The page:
Dialogic teaching- harnessing the power of talk Derval

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Transcript Dialogic teaching- harnessing the power of talk Derval

Dialogic teaching- harnessing the power of talk
Derval Carey-Jenkins- May 2014.
DC-J. Dialogic Teaching May 2014
What is dialogic teaching?
 Take a few moments to jot some key words
/themes/concepts relating to what you understand
dialogic teaching to be – talk with your colleagues on
your table and be prepared to shared your findings.
 Where are you on the continuum-
DC-J. Dialogic Teaching May 2014
Dialogic teaching is not just …
“speaking and listening “
“communication skills”
“a single set method of teaching”
“question and answer”
“listen and tell”
DC-J. Dialogic Teaching May 2014
Words as tools for thinking
 ‘Real concepts are impossible without words, and
thinking in concepts does not exist beyond verbal
thinking. That is why the central moment in concept
formation …is a specific use of words as functional
Vygotsky (1978)
DC-J. Dialogic Teaching May 2014
 It is a teaching methodology , a professional outlook, one
that empowers the student for lifelong learning and active
It enables teachers to precisely diagnose learning needs ,
frame learning tasks and assess learners’ progress
It is a comprehensive approach to talk in teaching and
learning across the whole curriculum
It is grounded in evidence and principles
It draws on a broad repertoire of strategies and techniques
Alexander (2008)
DC-J. Dialogic Teaching May 2014
 It is grounded in research on the relationship
between language , learning thinking and
understanding , and in observational evidence on
what makes for truly effective teaching .
DC-J. Dialogic Teaching May 2014
The Effective Provision of Pre-School, Primary and
Secondary Education (EPPSE 3-16)project
 Year 5 teachers in excellent schools (defined as those which are
academically effective with good quality pedagogy):
 There is a ‘bundle’ of behaviours that, taken together, can make a
difference to children’s development and progress and therefore their
later life chances…
 Use dialogic teaching and learning. Children work collaboratively,
take part instructional conversations in Literacy, have opportunities to
receive evaluative feedback and spend more time learning and
performing analysis. In Maths, these teachers use analysis and maths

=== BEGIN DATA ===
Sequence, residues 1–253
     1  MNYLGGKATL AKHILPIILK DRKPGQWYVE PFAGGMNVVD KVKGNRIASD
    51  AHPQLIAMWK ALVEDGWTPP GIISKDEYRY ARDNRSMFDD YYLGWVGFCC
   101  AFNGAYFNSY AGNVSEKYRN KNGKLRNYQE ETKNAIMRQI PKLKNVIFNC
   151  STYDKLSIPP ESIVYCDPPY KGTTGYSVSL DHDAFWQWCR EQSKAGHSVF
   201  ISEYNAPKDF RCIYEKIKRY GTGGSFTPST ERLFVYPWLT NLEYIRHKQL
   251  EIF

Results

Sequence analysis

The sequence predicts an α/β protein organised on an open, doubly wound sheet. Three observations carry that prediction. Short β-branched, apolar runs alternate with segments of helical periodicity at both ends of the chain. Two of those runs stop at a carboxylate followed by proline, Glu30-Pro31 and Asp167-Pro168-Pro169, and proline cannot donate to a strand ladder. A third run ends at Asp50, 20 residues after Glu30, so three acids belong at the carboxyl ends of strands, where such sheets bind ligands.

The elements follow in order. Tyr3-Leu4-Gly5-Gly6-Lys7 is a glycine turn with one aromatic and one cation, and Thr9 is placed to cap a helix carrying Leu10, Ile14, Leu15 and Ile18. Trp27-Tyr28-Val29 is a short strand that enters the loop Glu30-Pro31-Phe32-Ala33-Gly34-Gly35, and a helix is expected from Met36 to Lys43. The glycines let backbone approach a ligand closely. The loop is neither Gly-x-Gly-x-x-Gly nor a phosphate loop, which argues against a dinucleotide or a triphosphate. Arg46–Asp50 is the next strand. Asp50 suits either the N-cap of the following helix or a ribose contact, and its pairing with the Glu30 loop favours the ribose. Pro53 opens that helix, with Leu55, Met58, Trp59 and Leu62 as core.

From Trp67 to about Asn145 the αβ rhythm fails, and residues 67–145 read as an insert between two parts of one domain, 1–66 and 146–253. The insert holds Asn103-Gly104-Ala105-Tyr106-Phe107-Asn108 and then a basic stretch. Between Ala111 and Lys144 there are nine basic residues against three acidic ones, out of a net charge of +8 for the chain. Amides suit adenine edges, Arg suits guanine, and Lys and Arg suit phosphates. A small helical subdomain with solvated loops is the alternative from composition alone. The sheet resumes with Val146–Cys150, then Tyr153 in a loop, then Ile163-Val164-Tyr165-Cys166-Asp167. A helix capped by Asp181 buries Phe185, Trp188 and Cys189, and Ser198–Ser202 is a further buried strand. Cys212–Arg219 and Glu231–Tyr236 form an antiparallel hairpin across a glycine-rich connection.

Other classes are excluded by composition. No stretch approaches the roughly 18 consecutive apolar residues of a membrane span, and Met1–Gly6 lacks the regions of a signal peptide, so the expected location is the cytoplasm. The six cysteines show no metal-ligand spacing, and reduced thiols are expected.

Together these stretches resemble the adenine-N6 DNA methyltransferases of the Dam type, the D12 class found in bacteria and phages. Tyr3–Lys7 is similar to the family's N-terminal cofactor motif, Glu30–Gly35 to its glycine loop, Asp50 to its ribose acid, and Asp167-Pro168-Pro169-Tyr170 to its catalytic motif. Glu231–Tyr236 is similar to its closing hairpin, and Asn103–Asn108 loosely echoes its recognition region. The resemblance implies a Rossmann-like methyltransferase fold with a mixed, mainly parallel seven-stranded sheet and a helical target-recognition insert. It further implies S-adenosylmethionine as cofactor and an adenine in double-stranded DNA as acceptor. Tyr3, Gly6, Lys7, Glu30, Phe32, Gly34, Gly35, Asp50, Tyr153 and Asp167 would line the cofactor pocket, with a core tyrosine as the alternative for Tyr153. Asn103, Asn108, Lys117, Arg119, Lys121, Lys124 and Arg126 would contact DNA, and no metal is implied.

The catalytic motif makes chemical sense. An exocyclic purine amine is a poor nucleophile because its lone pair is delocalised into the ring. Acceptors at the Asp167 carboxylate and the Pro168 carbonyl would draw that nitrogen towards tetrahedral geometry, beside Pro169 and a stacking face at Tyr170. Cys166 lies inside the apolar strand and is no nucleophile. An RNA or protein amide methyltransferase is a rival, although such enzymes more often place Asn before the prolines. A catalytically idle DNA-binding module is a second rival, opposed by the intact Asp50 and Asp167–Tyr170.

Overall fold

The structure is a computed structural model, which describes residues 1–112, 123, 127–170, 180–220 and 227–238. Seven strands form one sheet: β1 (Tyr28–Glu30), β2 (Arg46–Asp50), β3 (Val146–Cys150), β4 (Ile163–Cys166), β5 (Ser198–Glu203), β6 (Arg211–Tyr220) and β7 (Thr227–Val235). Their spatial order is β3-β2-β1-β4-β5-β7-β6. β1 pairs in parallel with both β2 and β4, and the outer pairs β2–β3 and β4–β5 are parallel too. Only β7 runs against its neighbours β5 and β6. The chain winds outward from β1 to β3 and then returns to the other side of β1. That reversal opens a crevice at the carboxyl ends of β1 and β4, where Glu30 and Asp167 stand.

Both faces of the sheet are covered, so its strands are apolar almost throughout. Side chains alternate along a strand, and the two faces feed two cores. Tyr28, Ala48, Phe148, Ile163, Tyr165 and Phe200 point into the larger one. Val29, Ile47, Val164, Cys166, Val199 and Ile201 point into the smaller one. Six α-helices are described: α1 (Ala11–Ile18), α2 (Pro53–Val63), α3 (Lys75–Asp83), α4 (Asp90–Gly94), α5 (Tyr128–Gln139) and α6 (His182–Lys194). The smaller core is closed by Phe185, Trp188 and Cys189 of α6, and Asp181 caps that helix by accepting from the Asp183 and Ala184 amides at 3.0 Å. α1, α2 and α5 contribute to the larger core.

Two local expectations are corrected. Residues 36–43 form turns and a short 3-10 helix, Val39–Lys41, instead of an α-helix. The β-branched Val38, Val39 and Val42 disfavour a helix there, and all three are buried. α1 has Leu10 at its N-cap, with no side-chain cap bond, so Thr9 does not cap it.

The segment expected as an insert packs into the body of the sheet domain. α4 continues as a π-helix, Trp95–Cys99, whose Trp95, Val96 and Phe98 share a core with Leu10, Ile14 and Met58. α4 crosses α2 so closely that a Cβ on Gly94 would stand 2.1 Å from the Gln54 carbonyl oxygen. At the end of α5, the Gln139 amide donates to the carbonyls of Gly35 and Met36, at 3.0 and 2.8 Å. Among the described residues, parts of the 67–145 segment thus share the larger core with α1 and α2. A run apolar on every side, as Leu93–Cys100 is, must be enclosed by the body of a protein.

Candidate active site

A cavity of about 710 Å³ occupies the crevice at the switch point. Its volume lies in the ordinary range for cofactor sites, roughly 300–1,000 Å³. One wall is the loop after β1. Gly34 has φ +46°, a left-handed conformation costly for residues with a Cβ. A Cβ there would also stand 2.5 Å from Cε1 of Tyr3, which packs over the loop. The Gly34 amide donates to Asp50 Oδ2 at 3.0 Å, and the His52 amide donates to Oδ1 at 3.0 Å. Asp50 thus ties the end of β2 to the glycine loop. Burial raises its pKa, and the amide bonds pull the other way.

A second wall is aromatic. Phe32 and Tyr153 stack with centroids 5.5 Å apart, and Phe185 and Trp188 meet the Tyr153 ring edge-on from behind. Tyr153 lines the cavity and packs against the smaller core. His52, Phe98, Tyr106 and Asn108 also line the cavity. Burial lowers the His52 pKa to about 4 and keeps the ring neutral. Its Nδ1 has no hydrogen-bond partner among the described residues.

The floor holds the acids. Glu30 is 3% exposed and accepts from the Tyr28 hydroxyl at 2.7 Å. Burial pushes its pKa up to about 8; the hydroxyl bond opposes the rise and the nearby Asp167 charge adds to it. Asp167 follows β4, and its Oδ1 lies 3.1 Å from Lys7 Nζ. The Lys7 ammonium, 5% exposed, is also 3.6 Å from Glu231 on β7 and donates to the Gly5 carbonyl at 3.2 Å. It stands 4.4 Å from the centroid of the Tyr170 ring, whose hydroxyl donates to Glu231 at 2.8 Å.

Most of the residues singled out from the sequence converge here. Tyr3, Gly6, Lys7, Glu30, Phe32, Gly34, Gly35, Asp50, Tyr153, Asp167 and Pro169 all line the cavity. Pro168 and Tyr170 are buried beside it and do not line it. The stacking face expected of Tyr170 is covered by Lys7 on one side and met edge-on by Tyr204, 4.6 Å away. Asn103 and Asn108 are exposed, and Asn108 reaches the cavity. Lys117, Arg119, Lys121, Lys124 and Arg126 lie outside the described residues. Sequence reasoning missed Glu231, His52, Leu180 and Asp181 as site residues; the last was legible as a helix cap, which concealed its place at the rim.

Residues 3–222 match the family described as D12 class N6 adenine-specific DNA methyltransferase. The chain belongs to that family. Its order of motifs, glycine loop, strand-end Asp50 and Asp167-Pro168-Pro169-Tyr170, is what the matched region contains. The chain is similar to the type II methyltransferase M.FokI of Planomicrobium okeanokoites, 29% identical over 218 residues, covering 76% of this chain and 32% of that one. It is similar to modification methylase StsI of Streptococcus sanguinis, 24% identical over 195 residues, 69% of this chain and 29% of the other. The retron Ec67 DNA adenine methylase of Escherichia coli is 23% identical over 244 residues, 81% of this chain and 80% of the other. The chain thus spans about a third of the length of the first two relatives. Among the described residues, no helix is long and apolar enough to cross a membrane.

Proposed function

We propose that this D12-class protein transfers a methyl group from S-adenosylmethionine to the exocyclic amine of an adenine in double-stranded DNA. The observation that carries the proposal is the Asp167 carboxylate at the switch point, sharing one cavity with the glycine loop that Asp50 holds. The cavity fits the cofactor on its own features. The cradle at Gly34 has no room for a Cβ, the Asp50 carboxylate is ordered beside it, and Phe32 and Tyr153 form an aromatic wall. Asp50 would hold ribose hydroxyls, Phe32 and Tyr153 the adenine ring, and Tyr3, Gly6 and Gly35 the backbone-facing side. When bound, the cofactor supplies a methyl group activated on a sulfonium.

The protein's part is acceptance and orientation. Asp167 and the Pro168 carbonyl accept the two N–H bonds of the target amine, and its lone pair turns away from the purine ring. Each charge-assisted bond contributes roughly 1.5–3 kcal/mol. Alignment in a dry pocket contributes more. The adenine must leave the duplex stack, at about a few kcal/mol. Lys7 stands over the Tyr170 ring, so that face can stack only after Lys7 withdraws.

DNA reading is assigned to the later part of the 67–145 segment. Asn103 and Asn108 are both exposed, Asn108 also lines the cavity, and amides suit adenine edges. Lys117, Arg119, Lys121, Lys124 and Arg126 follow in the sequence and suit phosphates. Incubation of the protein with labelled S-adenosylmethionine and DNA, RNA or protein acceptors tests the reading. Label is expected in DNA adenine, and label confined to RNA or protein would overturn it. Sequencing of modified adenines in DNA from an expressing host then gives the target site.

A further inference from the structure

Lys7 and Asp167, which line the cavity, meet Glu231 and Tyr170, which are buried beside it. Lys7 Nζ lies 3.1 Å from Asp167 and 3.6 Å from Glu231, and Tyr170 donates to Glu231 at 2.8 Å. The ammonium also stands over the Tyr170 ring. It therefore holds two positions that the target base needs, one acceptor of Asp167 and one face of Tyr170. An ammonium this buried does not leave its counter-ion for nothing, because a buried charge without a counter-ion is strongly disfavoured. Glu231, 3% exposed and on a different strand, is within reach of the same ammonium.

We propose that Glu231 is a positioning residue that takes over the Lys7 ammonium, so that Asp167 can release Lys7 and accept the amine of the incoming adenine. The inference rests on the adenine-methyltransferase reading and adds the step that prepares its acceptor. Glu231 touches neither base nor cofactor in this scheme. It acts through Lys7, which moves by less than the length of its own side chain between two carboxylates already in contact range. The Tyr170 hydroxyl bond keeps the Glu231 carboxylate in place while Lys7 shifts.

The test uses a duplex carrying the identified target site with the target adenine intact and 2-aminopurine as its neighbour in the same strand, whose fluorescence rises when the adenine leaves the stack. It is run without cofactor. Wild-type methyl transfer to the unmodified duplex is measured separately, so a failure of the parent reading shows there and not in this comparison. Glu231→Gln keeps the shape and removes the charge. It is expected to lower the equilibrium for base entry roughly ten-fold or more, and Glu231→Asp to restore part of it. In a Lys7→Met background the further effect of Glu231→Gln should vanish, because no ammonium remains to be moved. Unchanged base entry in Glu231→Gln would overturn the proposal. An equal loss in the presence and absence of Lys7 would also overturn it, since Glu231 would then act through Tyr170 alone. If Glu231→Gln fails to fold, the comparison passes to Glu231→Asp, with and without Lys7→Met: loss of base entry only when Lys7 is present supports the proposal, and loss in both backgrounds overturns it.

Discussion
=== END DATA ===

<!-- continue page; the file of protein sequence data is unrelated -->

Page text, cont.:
discourse, share maths ‘authority’2 with the children and their pupils
have greater depth of knowledge and understanding
Siraj-Blatchford et al (2011)
DC-J. Dialogic Teaching May 2014
Principles of dialogic teaching embedded in the curriculum –
some examples
 English
 Maths
 Computing
DC-J. Dialogic Teaching May 2014
Who is Robin Alexander ?
 He is a Cambridge Professor of Education.
 He is one of the most respected academics in the field
of Education both here and across the world.
 He pioneered dialogic teaching.
 He led the seminal Cambridge Primary
 He is a teacher.
DC-J. Dialogic Teaching May 2014
Key underpinning principles
 * collective: teachers and children address learning tasks together, as a group
or as a class;
 * reciprocal: teachers and children listen to each other, share ideas and
consider alternative viewpoints;
 * supportive: children articulate their ideas freely, without fear of
embarrassment over "wrong" answers; and they help each other to reach
common understandings;
 * cumulative: teachers and children build on their own and each other's ideas
and chain them into coherent lines of thinking and enquiry;
 * purposeful: teachers plan and steer classroom talk with specific educational
 http://www.schoolsworld.tv/node/1864
DC-J. Dialogic Teaching May 2014
Key requirements
 interactions which encourage students to think, and to think in different
questions which invite much more than simple recall
answers which are justified, followed up and built upon rather than
merely received
feedback which informs and leads thinking forward as well as
contributions which are extended rather than fragmented
exchanges which chain together into coherent and deepening lines of
discussion and argumentation which probe and challenge rather than
unquestioningly accept
professional engagement with subject matter which liberates classroom
discourse from the safe and conventional
classroom organisation, climate and relationships which make all this
DC-J. Dialogic Teaching May 2014
Dialogic teaching and teacher training
 For our trainees to fully respond to the demands
of 21st Century learning and teaching they need
 “versions of pedagogy (teaching and learning) which
aim at strengthening pupils’ capabilities for learning”
(Bereiter, 2002)
She argues that many teachers lack…
 “the skills necessary for planning effective whole class
dialogue , and as a result …
 the pedagogic potential of learning through dialogic
teaching is minimised …
DC-J. Dialogic Teaching May 2014
Some useful texts …
Mercer and
Alexander (2008)
Mercer and
Littleton (2007)
DC-J. Dialogic Teaching May 2014
Beauchamp (2012)
Chapter 2
References and further reading
 Alexander, R.J. (2008) Towards Dialogic Teaching: rethinking
classroom talk (4th edition), Dialogos.
Alexander, R.J. (2008) Essays on Pedagogy. London: Routledge.
Bereiter, C. (2002) Education and Mind in the Knowledge Age.
NJ, Lawrence Erlbaum).
Mercer, N. and Hodgkinson, S. (2008) Exploring Talk in School.
London: Sage.
Mercer, N. & Littleton, K. (2007). Dialogue and the development
of children’s thinking. London:Routledge.
Mercer, N. (2000) Words and Minds: How we use language to
think together. London: Routledge.
Vygotsky, L. S. (1978) in: Cole, M. V. John-Steiner, S. Scribner &
Souberman, (Eds) Mind in Society. Cambridge, MA: Harvard
University Press
DC-J. Dialogic Teaching May 2014